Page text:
//FCM ask permission
messaging.requestPermission().then(function () {
	console.log("Have permission");
	return messaging.getToken();
}).then(function (token) {
	console.log(token);
}).catch(function (err) {
	console.log("Error occured");
});

So this token is the token which you send to.

So let’s get this token. Time to run the app.

When you run the app the app will ask your permission to send notifications. We will allow of course.

Next we open the console we will see we have permission to send notifications and our receiver token is logged.

(I hid a part of the key, it is a longer key than what you see)

 

 

10. Send a Notification

Sending notifications can be done in multiple ways.

You can send them for example by using:

  • CURL command
  • Postman

Here is a CURL example:

  • Change the  YOUR-SERVER-TOKEN to your server token from the Firebase console.
  • Change the YOUR-RECEIVER-TOKEN to your receiver token from the Chrome console.
  • Set the name of the image in the icon to the name of the image you uploaded in you webapp folder.
curl --header "Authorization: key=YOUR-SERVER-TOKEN" --header Content-Type:"application/json" -d "{\"to\":\"YOUR-RECEIVER-TOKEN\",\"data\":{\"notification\": {\"title\":\"Shipment lost\",\"body\":\"A shipment of Brussels just got lost.\",\"icon\":\"shipment.png\"}}}" https://fcm.googleapis.com/fcm/send

You can also add the notification to the root JSON structure. But then the messages will only be displayed in the onMessage function. So it will always think it should be handled as a foreground message. By adding the data property it knows when the app is in the background, this backgroundhandler needs to take over. But then the value of the data property is handled as a string. That’s why we parse it.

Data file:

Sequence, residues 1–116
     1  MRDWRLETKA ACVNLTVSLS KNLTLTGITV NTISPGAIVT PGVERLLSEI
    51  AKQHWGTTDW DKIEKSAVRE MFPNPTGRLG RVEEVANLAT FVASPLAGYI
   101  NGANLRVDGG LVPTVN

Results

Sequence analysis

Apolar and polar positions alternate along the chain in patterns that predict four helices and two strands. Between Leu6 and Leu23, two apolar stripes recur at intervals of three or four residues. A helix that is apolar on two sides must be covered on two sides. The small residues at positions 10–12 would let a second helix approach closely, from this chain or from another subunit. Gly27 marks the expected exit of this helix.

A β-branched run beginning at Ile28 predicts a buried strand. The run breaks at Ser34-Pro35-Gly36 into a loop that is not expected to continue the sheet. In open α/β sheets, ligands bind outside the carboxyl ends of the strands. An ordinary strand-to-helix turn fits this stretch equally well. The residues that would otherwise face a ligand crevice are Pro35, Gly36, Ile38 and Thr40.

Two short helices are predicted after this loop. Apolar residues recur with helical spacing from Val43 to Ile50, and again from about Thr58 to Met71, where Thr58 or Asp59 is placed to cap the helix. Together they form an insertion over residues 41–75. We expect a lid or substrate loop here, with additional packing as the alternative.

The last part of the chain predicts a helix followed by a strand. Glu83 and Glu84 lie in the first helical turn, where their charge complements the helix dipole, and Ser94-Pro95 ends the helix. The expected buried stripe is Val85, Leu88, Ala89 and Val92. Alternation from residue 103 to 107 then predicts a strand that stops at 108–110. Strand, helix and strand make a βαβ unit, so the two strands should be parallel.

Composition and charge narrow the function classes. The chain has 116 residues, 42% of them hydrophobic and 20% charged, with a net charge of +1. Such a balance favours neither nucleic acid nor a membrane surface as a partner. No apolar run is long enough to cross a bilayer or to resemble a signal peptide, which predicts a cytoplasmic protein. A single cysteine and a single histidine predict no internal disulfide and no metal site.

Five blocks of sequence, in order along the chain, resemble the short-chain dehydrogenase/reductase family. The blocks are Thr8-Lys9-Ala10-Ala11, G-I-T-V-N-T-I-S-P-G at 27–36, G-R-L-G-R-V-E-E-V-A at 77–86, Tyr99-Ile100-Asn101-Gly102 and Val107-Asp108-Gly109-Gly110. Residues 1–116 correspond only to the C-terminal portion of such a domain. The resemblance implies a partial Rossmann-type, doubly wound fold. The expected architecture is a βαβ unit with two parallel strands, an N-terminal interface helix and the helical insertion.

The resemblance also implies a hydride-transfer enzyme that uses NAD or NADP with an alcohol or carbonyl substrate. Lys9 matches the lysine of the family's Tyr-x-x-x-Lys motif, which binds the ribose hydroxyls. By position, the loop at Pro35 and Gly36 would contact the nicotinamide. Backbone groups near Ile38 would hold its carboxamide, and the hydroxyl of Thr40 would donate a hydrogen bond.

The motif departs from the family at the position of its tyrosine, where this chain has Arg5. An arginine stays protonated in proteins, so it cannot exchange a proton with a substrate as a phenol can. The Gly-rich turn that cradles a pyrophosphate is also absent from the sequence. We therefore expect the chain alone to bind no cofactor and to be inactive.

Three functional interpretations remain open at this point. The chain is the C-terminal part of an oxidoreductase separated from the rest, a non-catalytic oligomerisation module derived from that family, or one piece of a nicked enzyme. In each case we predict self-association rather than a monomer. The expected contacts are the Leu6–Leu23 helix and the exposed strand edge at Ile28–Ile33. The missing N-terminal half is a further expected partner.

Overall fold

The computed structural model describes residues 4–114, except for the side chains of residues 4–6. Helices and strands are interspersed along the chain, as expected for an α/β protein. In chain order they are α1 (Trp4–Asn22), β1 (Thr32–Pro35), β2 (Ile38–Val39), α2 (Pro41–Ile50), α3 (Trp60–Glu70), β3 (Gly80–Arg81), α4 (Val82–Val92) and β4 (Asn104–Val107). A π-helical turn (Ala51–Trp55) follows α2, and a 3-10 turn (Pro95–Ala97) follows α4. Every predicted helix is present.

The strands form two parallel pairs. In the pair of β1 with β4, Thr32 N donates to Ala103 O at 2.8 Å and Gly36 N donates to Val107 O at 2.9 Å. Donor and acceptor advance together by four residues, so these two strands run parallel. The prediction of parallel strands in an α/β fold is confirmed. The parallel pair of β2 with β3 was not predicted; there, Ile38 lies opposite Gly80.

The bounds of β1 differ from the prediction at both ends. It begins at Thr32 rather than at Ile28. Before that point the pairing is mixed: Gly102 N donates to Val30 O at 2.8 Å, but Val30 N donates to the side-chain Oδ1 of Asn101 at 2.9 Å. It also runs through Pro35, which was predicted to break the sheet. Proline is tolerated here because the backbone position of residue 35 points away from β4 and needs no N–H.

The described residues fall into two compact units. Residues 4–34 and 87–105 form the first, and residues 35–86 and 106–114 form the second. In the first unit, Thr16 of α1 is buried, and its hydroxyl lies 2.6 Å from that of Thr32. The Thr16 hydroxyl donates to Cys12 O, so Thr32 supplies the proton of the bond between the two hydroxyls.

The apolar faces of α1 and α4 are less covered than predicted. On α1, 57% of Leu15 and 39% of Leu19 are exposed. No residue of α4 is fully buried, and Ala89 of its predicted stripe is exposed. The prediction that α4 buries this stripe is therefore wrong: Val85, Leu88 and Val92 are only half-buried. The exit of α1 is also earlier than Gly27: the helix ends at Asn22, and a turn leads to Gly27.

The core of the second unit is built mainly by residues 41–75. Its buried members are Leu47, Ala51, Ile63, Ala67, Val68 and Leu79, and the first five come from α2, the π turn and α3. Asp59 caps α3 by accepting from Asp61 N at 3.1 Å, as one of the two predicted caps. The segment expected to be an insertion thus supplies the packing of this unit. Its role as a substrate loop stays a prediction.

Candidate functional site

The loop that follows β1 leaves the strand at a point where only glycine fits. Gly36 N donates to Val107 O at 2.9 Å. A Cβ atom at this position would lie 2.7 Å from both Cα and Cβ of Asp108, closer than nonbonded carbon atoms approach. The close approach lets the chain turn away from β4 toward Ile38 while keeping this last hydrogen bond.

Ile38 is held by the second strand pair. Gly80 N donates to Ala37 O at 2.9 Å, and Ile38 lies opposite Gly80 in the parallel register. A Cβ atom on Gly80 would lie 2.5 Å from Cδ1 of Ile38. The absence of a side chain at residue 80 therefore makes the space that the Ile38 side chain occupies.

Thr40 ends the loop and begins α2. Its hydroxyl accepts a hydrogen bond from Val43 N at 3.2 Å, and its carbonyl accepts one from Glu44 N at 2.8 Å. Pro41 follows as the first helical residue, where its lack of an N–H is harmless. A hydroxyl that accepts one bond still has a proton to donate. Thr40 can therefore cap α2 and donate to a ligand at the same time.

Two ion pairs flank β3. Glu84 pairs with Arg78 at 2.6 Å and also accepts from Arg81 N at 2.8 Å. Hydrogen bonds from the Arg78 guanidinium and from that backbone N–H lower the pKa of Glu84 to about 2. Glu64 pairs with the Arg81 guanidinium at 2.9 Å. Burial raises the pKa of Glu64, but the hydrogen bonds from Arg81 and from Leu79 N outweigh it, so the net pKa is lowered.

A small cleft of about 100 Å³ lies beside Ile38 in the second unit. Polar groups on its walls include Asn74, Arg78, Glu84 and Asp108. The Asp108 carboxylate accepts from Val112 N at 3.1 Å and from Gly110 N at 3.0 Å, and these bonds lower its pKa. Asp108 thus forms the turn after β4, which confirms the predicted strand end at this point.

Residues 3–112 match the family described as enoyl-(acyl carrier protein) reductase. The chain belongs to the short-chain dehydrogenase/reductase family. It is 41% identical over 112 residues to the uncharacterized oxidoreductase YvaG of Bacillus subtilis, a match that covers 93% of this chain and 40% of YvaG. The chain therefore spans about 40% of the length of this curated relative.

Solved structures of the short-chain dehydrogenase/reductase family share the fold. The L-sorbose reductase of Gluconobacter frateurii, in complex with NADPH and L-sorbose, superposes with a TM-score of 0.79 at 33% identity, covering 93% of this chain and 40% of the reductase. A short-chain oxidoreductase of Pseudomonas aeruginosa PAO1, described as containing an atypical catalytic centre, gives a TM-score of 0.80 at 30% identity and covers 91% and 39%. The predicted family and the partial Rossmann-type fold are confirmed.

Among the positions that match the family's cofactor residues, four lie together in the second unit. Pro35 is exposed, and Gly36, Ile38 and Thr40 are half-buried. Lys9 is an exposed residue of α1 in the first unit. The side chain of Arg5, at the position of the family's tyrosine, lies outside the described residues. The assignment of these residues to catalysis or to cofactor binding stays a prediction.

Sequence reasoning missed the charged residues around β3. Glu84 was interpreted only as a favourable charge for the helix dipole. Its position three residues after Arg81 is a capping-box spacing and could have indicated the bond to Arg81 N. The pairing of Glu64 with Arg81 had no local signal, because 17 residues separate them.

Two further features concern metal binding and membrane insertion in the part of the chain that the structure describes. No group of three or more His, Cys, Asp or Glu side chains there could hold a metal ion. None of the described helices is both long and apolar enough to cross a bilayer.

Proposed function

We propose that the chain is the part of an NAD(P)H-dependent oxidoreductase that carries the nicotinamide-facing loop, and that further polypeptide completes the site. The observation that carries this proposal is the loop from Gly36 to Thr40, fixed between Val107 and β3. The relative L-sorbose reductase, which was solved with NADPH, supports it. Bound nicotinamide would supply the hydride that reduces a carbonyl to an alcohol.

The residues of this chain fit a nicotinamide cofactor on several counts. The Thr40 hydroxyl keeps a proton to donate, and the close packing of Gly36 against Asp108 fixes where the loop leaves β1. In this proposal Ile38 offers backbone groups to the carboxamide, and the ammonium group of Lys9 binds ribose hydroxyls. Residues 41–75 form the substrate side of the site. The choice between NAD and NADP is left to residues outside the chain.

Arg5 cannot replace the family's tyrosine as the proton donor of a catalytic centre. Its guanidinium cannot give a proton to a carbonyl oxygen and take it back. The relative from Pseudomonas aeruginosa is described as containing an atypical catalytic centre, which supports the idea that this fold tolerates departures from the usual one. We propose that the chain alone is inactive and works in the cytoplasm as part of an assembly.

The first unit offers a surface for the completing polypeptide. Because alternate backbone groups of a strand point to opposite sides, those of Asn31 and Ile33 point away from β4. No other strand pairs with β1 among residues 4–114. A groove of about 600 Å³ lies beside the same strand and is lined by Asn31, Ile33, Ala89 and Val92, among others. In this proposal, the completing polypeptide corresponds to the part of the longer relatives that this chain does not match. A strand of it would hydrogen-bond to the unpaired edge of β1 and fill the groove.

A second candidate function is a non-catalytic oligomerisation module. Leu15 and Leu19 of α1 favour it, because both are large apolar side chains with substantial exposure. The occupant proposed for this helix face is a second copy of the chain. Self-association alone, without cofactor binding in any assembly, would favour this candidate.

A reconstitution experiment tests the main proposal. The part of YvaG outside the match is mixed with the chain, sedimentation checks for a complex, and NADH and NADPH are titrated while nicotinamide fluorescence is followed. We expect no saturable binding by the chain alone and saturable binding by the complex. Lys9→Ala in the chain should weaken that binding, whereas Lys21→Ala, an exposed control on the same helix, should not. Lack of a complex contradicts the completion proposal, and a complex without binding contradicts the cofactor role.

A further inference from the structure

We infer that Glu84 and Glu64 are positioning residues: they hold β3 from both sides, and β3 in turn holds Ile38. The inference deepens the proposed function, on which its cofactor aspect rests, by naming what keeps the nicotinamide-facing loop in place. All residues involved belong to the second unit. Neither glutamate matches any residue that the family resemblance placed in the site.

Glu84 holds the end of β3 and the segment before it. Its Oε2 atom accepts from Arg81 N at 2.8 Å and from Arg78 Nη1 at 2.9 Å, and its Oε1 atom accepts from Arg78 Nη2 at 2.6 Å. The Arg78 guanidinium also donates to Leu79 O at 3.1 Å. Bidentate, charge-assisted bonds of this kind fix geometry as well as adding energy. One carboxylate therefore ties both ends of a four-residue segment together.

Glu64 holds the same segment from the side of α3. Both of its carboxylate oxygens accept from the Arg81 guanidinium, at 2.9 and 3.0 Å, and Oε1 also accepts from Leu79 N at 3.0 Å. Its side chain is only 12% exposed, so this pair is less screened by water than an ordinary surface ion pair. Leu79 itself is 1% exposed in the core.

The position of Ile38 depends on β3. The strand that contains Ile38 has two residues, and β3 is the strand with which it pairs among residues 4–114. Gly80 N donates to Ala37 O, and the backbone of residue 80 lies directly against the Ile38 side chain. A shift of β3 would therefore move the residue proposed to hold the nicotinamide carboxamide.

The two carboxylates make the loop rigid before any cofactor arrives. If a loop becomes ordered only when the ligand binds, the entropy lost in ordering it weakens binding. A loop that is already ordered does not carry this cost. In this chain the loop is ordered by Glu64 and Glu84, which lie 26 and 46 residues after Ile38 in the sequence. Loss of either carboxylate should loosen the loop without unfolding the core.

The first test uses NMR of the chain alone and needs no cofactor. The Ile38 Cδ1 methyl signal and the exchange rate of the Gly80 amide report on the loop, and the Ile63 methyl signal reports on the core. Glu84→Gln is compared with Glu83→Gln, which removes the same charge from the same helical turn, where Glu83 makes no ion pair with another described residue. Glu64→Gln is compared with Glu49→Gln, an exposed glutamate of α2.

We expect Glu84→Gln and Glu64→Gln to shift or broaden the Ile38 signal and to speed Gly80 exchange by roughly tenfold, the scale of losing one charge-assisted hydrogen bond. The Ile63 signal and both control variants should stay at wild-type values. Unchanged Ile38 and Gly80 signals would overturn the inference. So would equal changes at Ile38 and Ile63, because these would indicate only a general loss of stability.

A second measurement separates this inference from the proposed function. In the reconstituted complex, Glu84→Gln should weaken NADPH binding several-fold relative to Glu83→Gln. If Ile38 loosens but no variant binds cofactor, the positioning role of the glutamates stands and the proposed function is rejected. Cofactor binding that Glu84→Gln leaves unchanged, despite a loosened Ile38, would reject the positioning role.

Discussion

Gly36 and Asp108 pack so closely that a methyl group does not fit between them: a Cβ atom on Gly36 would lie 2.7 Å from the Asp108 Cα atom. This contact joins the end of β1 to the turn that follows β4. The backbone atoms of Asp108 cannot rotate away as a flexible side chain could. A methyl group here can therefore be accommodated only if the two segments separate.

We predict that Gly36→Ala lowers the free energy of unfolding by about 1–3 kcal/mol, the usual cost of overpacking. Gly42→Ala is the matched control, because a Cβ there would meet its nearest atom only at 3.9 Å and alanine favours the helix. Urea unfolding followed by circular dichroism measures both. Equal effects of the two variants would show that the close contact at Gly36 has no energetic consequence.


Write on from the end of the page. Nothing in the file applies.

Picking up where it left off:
Run the CURL command in a terminal and see the notifications arrive in the foreground and background! 🙂

FOREGROUND NOTIFICATION RECEIVED:

BACKGROUND NOTIFICATION RECEIVED:

 

 

Demo action time! 

 

Recap time, what did we learn? 

In this blog we added the Firebase Cloud Messaging Service to our UI5 Application.

So here are some key takeaways:

  1. We need to add the the messaging service to our app.
  2. A service worker file called “firebase-messaging-sw.js” needs to be created.
  3. Receiving Notifications in the foreground and background need to be handled in a different way.
  4. How to send Notifications to clients.

 

Thanks for reading my blog about “SAPUI5 Applications with Firebase Cloud Messaging“.

I hope you found it interesting and it can serve your requirements!

Kind regards,

Dries